God Among Us

In the beginning:

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When asked me to write an artist statement for the sculpture, I said yes without blinking an eye.  My understanding was, I would go through the genesis of the sculpture in explaining the experience of my journey while carving the flesh of the wood.  

The reality we foresee this day is difficult to explain because the work is based on a strong feeling of faith.  From the conception to the finished artwork, I tried to capture a moment in its eternity.  The  artist in me created something that she does not fully comprehend.  The sculpture is the fruit of the changing seasons of my roots from soils of many cultures.  It is also a strong belief in the divine rather than a proof in itself.  I am just an instrument in His hands.  This being said, I consider it is more important for the artwork to speak for itself without intervention or explanation. 

Ideally, a two-way avenue of communication flows between the Creator and the viewer allowing his mind to wander in prayer.  The visible is something different for everyone.  While my explanation can be useful to the viewer for exploration and consideration, it can also limit or constrict the possible responses.   

Progress:

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Completion:

God Among Us

Photo courtesy of Matt Chase Photography

Unveiling:

Unveiling Ceremony 1

 

A Sculptural Prayer

Do not gaze at it

But sink into it through your eyes, and

Feel its intensity under your skin.

Do not just think about it, instead,

Meditate on it 

Let it carry you to the unknown

Fast, Far and Forever

To a whole universe …

To embrace the glory of creation and

The Creator

The Ascetic

Studio Photos of The Ascetic

A few days ago, The Ascetic took up permanent residence in New Braunfels.  Since you will not see him out and about anytime soon, we would like to share these farewell photos with you.  We will surely miss him.

Ascetic Full

Ascetic Half Front

Ascetic Left Front

Ascetic Half left Front

Ascetic back

The Ascetic- Pecan Wood Sculpture

On July 13, Marika completed The Ascetic her newest sculpture.  The markings on the face of the monk are natural.  At times you follow the will of the wood and allow it to tell the story.  The sculpture is pecan wood.   With the base, the dimensions are H 27″ W 8″ D 8″.   

Ascetic 1

Ascetic 1

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The Ascetic 4 The Ascetic 5 The Ascetic 6 The Ascetic 7

   

The Cross for The Road to Emmaus Sixth Installment

A few weeks ago, Terri and her husband Carlos traveled from Lubbock to Seguin.  They left with “Mary Magdalene at the Cross.”  Thus ending one chapter of the story “The Cross for The Road to Emmaus.”  Terri will present the sculpture for the first time in February 2012 to participants in the Road to Emmaus Retreat.  We will of course update this blog with the next chapter of the story.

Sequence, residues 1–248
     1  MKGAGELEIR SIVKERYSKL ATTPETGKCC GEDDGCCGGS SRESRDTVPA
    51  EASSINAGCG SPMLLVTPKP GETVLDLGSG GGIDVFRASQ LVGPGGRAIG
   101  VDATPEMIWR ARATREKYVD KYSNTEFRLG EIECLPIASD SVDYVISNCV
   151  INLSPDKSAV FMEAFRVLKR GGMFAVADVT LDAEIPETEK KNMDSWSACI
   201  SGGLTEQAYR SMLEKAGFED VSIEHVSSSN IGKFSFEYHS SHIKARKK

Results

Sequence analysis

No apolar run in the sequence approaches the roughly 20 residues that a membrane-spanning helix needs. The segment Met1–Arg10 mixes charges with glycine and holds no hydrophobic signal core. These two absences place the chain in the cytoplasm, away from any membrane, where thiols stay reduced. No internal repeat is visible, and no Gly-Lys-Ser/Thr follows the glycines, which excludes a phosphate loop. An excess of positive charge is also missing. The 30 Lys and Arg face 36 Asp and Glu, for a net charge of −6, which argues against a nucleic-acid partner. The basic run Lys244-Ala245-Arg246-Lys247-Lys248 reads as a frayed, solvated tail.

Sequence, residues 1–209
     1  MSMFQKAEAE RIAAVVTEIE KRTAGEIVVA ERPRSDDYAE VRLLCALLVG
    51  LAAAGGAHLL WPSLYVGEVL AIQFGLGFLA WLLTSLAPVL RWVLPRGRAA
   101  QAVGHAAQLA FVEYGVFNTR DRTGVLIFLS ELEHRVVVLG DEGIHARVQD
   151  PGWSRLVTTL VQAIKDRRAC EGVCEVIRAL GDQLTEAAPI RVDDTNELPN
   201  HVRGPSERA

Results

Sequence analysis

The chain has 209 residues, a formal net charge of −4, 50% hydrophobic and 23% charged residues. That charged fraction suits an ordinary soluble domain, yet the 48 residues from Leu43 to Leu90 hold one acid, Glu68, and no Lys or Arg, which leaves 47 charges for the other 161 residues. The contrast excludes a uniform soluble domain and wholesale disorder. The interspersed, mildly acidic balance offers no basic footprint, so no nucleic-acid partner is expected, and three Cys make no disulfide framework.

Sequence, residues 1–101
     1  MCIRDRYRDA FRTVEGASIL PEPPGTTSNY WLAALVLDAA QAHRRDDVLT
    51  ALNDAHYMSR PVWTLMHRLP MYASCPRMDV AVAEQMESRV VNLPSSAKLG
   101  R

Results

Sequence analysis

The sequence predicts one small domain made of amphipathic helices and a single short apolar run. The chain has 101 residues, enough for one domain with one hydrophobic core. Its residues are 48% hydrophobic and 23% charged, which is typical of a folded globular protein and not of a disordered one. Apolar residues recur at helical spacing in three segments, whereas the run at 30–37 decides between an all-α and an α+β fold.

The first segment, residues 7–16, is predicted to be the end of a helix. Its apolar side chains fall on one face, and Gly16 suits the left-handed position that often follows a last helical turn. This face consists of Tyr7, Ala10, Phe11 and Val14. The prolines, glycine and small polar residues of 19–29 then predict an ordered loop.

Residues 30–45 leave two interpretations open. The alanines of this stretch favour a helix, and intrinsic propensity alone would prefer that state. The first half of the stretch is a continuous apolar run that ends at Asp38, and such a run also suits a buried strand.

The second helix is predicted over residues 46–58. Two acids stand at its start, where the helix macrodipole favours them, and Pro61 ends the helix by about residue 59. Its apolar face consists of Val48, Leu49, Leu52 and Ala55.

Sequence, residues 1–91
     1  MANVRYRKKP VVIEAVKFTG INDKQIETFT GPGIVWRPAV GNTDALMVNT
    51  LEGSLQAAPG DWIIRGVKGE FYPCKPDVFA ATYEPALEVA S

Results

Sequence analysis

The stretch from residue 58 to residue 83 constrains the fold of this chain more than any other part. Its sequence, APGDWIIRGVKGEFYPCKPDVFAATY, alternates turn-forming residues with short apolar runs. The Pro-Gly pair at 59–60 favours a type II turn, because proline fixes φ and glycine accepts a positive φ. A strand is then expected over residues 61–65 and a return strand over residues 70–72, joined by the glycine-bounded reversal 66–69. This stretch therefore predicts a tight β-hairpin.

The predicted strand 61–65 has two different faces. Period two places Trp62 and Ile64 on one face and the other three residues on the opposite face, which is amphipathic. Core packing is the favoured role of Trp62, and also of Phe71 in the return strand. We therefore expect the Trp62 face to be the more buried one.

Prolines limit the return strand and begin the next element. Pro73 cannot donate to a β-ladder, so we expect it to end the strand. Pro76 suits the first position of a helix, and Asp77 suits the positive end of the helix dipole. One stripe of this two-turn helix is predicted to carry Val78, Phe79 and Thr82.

Thank you, Terri for you are an inspiration and a blessing.  May God be with you and the wonderful Carlos.

Marika and Dennis

A Closer Look

Mary Magdalene at the Cross

Mary Magdalene at the Cross

Marika with Terri the guardian of the sculpture

Terri with Mary Magdalene at the Cross

St. Brigid’s Cross- Chapel of the Guadalupe Regional Medical Center

The Guadalupe Regional Medical Center chose St. Brigid’s Cross for the chapel feeling that any chaplain would do well to model their ministry after the life of St. Brigid.  Much like St. Brigid, the chaplain often finds that the most sacred “chapel” is at the bedside of the sick and dying.  In those holy moments it is always the chaplain’s desire to bring love, peace and comfort through prayer and faith.  In the manner of St. Brigid, Chaplains often share God’s love by reaching out to the poor, to those in need and to those whose hearts are hurting.

 

Cross of St. Brigid

Commissioned by: Rev. Jeremy Roy

Designed and Created by artist: Marika Bordes

Assisted by: Col. Joe Saenz, USAF, Ret. and Howard Crunk

 

Cross of St. Brigid- detail

 

The Cross for The Road to Emmaus First Installment

The road that leads us to this particular cross begins with Bob, Ryan and Dan  traveling the backroads for Texas Country Reporter.  One day they pay a visit to Marika’s studio in Seguin.  From this interview they create and broadcast to a viewership of 1.4 million an Emmy award winning segment, “Carousel of Life.”   On a Sunday morning in Lubbock, as Terri and Carlos prepare for church they see and hear a sculptor from Haiti describing her passion for creating wood sculptures.  Marika’s sculptures and her words resonate with the couple.

Terri tells her husband that if she receives the call to lead a “Walk to Emmaus” retreat, she will ask Marika to sculpt a cross for the event.  Before receiving the call, Terri visits Marika in Seguin.  She asks her to make a cross for the “Walk to Emmaus”  explaining it is a retreat to strengthen and renew the faith of Christians.  The cross plays an integral part in retreat ceremonies and rituals.  As a lay leader, she is responsible for providing a cross.

Not long after, Marika hears the good news from Terri; she is Lay Director for the Women’s Emmaus Walk.

With ideas from Terri, Marika prepares two concept drawings.  One is a hand holding the cross; the other is a hooded figure holding the cross.  In both cases, the cross is removable from the figure holding it.

Terri decides on the hooded figure.

Emmaus Cross Drawing 1 Hand

Emmaus Cross Drawing 2 Hooded Figure

The second installment will include photos of the first cuts to make the hooded figure.